An embroidered alphabet: letter E


Embroidered letter D (hand embroidered by Mary Addison)

The small people and their parents have come and gone, enjoyed playing in the tent and happily suffered no bombardment from falling apples. Great fun was had with the old Playmobil Farm and the dolls’ house, a £10 charity shop find which I filled with Sylvanian family inhabitants (crammed a family of four to three of its four rooms). It’s a real pleasure seeing another generation enjoying toys as much as their parents did (and makes worthwhile our carting them around with us in our 4 moves in 10 years). How children prize memories of such things was brought home to me the previous week when my husband’s 15 year old grandson  expressed the hope that we hadn’t got rid of my son’s box of Micromachines he used to play with when they came to visit. (We still have them.) It reminded me of how one of my own children’s grannies always had a few rather good toys stashed away in one of her three splendid oak dressers. The singing frogs satisfied the youngest children while the battery operated marching penguins which laboriously climbed a moving stair before swooshing down round a figure of 8 circuit just about had us all entranced. (That particular granny was even more impressive as she would stand by, watching unflinchingly while one of the little ones emptied china from one of the other cupboards -” no child has ever broken anything before and I doubt this one will now”. Such enviable confidence, though they never did break anything  now I come to think about it!)

Embroidered letter E (hand embroidered by Mary Addison)

This calligraphic F has been embroidered in stem stitch and was inspired by the handwork of Maricor/Maricar, a pair of Sydney based embroidering sisters who are bringing hand embroidery, both design and execution, bang up to the minute.

Various letter Es – sketched from online examples

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An embroidered alphabet: letter D

Embroidered letter D (hand embroidered by Mary Addison)

Now the weather has turned, we have rain, overcast skies and a real drop in temperature. Though I have no complaints at all about our recent wonderful sun and heat, the change in weather does at least make getting on with the Ipsden altar frontal more congenial – all that heavy patchwork over the knee when ambient temperatures are constantly high was bad enough but hand sewing became increasingly difficult as needles quickly lost their shine, started squeaking in their passage through several layers of fabric and needed replacing regularly.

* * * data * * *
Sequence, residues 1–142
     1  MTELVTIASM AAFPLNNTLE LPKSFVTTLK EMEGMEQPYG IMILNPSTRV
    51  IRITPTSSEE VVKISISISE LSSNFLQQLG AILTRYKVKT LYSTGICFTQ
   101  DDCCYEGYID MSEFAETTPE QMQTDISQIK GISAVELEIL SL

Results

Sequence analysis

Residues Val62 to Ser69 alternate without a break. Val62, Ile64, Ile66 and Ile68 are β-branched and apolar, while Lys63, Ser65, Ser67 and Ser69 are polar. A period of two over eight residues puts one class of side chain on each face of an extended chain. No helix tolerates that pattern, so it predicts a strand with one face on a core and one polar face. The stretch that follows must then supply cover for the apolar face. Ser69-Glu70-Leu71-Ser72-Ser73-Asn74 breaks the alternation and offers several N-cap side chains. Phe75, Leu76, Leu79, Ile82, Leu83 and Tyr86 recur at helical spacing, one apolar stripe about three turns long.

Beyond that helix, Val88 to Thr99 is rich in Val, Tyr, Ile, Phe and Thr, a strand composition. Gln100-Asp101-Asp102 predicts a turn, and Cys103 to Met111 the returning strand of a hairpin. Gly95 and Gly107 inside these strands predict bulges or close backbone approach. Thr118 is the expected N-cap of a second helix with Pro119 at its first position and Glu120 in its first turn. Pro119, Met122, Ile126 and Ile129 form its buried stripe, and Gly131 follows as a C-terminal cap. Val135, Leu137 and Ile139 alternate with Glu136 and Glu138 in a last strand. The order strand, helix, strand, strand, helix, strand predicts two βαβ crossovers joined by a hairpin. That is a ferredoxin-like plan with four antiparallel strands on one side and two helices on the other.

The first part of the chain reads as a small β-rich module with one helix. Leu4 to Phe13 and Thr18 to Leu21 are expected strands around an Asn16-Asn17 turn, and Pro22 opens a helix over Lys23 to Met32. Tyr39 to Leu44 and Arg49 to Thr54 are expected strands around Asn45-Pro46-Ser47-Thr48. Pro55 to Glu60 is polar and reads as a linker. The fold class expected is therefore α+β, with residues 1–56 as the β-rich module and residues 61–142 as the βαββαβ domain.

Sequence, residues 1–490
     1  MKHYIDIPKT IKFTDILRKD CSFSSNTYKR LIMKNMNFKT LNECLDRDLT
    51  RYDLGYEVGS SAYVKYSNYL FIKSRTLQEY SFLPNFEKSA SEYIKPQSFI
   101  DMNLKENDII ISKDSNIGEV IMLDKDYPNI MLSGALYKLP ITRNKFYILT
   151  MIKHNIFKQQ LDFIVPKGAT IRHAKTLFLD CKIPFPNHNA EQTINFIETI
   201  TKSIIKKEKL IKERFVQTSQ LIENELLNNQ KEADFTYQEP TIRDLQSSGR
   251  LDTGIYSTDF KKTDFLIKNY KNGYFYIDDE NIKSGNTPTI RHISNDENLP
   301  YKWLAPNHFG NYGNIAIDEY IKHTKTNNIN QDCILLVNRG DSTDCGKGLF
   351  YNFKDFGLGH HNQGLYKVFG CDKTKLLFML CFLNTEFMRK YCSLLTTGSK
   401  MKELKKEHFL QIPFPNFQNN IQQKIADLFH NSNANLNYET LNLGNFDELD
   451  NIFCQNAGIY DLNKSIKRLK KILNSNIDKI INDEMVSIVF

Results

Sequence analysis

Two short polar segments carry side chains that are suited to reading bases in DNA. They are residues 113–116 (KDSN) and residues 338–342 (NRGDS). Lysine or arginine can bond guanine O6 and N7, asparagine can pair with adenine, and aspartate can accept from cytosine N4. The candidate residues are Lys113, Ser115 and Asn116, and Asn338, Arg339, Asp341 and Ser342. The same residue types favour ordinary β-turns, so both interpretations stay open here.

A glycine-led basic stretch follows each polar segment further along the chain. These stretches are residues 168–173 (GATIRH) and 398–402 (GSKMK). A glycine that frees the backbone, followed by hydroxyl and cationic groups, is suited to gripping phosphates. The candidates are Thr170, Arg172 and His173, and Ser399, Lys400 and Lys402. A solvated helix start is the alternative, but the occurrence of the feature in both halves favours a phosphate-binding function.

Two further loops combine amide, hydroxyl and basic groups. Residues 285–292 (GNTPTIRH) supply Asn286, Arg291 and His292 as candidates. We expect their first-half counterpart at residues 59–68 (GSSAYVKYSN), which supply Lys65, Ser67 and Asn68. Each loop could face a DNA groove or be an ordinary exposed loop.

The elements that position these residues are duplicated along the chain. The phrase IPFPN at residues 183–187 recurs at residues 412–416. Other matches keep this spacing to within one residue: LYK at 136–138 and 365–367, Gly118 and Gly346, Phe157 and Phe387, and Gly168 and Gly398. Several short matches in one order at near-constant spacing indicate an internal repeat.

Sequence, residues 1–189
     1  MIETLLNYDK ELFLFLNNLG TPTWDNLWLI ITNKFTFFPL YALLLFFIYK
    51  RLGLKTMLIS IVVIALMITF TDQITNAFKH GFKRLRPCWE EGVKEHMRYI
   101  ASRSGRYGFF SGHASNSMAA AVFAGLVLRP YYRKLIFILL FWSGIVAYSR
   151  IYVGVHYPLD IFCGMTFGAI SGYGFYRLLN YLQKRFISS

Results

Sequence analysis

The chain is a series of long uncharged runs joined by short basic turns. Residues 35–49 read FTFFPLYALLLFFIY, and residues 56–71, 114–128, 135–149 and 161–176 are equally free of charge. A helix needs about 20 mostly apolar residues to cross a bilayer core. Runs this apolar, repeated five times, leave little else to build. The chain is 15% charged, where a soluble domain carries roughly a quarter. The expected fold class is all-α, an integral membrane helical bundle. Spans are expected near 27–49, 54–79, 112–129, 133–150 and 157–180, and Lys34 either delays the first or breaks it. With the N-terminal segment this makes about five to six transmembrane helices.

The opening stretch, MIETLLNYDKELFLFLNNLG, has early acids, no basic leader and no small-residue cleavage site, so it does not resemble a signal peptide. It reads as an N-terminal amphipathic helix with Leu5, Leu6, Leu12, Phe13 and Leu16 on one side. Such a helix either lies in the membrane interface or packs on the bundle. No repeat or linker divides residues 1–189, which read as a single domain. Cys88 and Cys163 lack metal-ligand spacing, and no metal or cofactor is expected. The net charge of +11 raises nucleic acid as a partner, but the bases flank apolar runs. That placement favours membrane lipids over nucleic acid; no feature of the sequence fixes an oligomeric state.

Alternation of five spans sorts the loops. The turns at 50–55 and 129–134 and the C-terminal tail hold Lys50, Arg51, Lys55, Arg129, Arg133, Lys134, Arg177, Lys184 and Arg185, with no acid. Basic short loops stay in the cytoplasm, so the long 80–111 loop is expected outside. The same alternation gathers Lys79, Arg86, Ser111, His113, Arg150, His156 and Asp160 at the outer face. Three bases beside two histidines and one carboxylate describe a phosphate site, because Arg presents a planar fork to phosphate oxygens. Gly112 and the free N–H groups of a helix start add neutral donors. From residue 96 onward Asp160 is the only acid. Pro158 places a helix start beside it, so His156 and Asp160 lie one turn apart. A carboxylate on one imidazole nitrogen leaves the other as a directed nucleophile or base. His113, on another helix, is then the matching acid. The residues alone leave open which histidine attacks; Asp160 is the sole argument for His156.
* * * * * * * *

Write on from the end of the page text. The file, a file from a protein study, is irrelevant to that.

Embroidered letter D (hand embroidered by Mary Addison)

This letter D has a hint of Art Nouveau and was inspired by a capital B with a leafy flourish found (and then lost) on an internet search. An appliquéd piece of ivory silk was in part embroidered over in a cool bathroomy sort of green and the pillar of the D was then picked out in a single strand of black embroidered floss. Instead of using my favourite satin stitch,  I went for stem stitch which gives a satisfying smooth yet textured appearance. It would look good on the pocket of a pair of pyjamas.

Various letter Ds – sketched from online examples

Hooray for expensive titanium framed spectacles. This week I narrowly missed damaging my eye from a direct hit by a falling apple. My spectacles took the full force of the blow – the apple plummeted into the right lens, pushed it firmly into the eye socket but fortunately the spectacles then recoiled intact – no broken lens, no distorted frame. Thank goodness, my husband’s post cataract eye is doing well but still a bit blurry – we don’t want to go down to just two eyes between us! But I should explain. Apples have been falling thick and fast in our back garden recently and usually this is nothing more than mildly irritating – when there are only two of us we can sit outside their range. Next week we will be visited by family, including the two littlest ones (4 and 1 years of age) who will inevitably make a bee line for the garden when they arrive. My husband set to thinking. So it was that one afternoon I came out to find him, armed with a line prop, poking at the most threateningly looking  apples. Of course, I had to have a go too … and then I got more than I’d bargained for. We retired inside to rethink. Perhaps we should get a little tent for the small people to play in. Why have I never had to worry about falling apples before? Have we all become hyper Health and Safety in the C21st? Perhaps rain will be our saviour and we shall stay inside!

Useful handbook for styles of lettering. (4000 Alphabet & Letter Motifs: A Sourcebook by Graham Leslie McCallum; Batsford 2009)

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